“The sun shone, having no alternative, on the nothing new.”
—Samuel Beckett, (Murphy 1938)
Let’s hope Theatre Arts Niagara makes an annual tradition of “bowler” plays: with last year’s highly successful Chaplin (cross-reference below) and now Peter Feldman’s knowing production of Waiting for Godot, the difficult art of tragicomedy is well-served in Niagara. What’s next? A Clockwork Orange?
Beckett’s brilliant script is rife with one-liners: “One of the thieves was saved. (Pause) It’s a reasonable percentage.”; “There’s a man all over for you, blaming on his boots the faults of his feet.”, and a pages-long tirade that requires as brilliant a delivery as it needs well-paced reaction from its audience. Feldman’s carefully understated staging and his cast’s spot-on timing combined for a first act that “passed the time” commendably.
From the opening struggle with his dank boot, Edwin Conroy Jr.’s portrayal of Estragon (a.k.a. Gogo) is a marvel of physical control, pace and presence. His eyes gleam with greater intensity than the oddly square moon that rises twice when the sparse set is plunged into sudden darkness as day ends. Conroy lets the slight, sexual undercurrent of his relationship with Vladimir (Jack Weiler) lurk just below the surface. Sadly, the vague stare when he admits to being beaten nightly resonates as surely now as when it was penned fifty years back.
Weiler plays well off his partner, has wonderful hat technique and personifies naïve hope as he insists they continue to wait for Godot, “What are you insinuating? That we’ve come to the wrong place?”
The arrival of Pozzo (Mac Dodge) and his man/horse servant Lucky (Steve Watson) allows the characters myriad opportunities to shade their lines, looks and actions with nearly the entire spectrum of emotions and issues that have plagued the human experience since Adam. Bondage, Master/slave, emotional rape—there’s more than can be digested in just a single sitting filled with moments such as Pozzo’s discarded chicken bone salivating the famished, love-starved Gogo.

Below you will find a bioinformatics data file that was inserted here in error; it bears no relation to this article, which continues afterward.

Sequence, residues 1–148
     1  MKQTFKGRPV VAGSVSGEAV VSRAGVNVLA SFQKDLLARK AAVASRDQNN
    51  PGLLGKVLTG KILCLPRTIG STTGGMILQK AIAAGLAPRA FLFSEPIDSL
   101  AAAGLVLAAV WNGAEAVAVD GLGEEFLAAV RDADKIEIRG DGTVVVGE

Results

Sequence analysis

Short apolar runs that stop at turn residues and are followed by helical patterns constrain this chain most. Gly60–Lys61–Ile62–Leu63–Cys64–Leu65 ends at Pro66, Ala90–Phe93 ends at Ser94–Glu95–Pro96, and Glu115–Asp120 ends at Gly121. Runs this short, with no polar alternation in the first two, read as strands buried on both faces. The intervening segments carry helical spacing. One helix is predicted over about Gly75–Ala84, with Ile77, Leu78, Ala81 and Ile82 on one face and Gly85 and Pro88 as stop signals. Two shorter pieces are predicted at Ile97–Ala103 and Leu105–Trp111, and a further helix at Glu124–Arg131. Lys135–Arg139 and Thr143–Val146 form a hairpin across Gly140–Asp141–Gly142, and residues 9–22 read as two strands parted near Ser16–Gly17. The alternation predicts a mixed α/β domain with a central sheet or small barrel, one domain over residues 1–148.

Dodge pontificates well, shamelessly keeping his “man” under control, deriding him as pig and hog while—literally—pulling his chain. Watson gives a memorable performance as the abused—letting his pathetic dependency lead his grunts, groans and quivers. He comes near the precipice but never slips over the edge into Monty Python “coconut” parody, despite hobbling about with a similar gait.
Dawn Crysler’s set captures the notion of nowhere, its tree the focus: barren in Act I before coming to life with Act II leaves, even as both Pozzo (blind) and Lucky (dumb) lose more of their senses. As “A Boy,” Crysler delivers well, but lacks the inherent innocence that is needed to balance the perpetually inert waiters.
With such a rich and wide-ranging work, it is difficult to maintain the intensity from curtain to curtain. The second act sputtered in the early going, before gradually returning to the quality and excellence achieved prior to intermission. It was as if the emotional peak of Lucky’s rant was too much for all concerned, so they waited for the magic to return. JWR